How do we know the chinook bycatch in the pollock fishery is NOT affecting the Yukon? Without genetic sampling, it is all speculation. I have said it before, and will continue to say it. Whatever the proportion of human caused mortality is to a fishery, it is the most easily managed cause of mortality. We need studies to be able to find what proportion of overall mortality each segment causes- but to say that because there are factors other than direct or indirect, human caused mortality, we can't restrict any of the human activity, is insane. Also, to say that a fish stock is in trouble, so we must restrict only one component, be it sport, commercial drift, setnet, or subsistence, is also assinine. If it truly is in trouble, then a gloves off approach to all users is necessary.

                      Comment


                      • #12
                        willphish4food, there was some preliminary sampling done and scientists estimated that only about 20% of the Pollock Chinook bycatch was bound for the Yukon. They determined that this quantity was not significant enough to cause the problem on the Yukon. More sampling and DNA studies were done in 2008.

                        I would agree that eliminating the Chinook bycatch in the commercial Pollock fishery would be the easiest way to manage mortality rates. However, it would be short-sighted to think it would solve the Yukon's problems, or restore the Chinook run. This would be especially true if, as per other studies, much more was going on...disease, poor river production, warm water, changing ice-flow, lack of nutrition, and so on. So you would be sacraficing one of the biggest fisheries in the world based on a hunch that was a futile attempt in the first place.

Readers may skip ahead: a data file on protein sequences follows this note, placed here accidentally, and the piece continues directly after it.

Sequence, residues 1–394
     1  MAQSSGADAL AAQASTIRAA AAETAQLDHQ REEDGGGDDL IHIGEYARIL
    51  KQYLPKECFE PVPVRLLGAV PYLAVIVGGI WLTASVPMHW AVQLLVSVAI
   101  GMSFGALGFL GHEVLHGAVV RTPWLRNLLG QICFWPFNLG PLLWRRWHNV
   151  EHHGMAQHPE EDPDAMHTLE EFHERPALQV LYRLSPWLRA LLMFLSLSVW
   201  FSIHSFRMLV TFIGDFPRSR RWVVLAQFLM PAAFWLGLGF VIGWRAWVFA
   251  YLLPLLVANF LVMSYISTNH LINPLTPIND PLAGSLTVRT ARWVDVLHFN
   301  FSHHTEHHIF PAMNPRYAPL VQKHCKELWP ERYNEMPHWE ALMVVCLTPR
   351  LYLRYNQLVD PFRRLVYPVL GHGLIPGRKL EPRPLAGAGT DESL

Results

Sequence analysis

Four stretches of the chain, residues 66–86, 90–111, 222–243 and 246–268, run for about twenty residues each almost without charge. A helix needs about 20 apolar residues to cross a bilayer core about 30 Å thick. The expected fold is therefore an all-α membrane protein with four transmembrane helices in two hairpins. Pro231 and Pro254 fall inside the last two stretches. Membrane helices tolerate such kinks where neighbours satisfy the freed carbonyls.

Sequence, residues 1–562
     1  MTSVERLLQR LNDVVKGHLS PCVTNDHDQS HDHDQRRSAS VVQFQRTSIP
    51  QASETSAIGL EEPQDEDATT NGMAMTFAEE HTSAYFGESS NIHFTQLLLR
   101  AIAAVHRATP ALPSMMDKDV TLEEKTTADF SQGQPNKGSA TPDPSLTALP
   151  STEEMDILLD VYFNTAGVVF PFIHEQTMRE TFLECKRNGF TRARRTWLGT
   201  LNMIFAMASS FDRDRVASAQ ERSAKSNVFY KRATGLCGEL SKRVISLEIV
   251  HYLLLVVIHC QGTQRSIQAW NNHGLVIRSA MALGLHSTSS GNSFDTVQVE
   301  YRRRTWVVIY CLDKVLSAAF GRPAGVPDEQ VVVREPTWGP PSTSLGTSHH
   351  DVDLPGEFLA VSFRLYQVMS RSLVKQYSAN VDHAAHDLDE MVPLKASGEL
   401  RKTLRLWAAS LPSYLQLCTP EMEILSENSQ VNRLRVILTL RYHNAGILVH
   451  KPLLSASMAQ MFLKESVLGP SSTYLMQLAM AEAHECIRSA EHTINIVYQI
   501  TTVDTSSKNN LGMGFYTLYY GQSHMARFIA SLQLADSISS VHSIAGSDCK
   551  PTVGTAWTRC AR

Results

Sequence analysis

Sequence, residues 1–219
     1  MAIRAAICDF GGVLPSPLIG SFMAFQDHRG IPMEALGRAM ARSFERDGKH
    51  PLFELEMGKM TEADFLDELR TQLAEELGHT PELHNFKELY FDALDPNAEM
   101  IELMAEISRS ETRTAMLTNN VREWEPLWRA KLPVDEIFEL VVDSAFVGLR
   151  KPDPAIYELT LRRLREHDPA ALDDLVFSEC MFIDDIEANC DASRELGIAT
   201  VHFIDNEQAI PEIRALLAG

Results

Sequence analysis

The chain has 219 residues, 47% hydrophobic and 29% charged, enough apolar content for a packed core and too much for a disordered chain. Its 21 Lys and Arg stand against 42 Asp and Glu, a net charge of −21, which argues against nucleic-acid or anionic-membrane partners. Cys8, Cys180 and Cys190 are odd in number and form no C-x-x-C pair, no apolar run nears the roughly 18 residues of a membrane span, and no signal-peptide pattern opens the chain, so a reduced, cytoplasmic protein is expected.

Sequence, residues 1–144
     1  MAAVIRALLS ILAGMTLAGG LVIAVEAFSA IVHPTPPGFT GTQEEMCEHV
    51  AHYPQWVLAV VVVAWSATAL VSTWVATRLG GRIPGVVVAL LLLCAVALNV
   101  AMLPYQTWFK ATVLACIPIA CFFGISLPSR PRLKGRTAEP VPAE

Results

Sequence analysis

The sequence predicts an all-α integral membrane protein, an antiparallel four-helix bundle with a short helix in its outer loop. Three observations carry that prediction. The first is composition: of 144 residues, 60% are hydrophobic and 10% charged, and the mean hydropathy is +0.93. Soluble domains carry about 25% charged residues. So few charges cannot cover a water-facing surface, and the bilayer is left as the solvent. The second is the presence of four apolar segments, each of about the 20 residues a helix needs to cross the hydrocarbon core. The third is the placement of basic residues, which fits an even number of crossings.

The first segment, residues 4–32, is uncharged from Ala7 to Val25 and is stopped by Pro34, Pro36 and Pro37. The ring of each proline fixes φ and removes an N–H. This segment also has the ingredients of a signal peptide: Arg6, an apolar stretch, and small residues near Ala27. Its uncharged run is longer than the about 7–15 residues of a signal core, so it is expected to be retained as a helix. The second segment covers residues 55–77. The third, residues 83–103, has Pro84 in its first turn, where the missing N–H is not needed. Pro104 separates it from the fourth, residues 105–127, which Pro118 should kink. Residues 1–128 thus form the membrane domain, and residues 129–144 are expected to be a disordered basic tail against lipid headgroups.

There is one group that despises the Chinook bycatch more than any other...the commercial Pollock fishery itself. These guys know that every Chinook that comes on their boat jeopordizes the existence of their Pollock fishery. They don't try to catch the Chinook, they get nothing for them, and they have absolutely no incentive to catch them. In fact the Pollock fishery is working hard to reduce Chinook bycatch. They are the "cleanest" Chinook bycatch fishery in the world. They have adopted fishing areas and times to avoid them (some believe these regulations actually moved them closer to the Chinook). They have adopted ways of excluding Chinook from their gear, and continue to research and try salmon exclusionary devices. And much of the bycatch is donated to charity groups like SeaShare that help feed needy Americans. I don't know...maybe the bycatch should be distributed to subsistence and commercial fishermen along the Yukon to help reduce their pressure on those Chinooks that we know are in the river?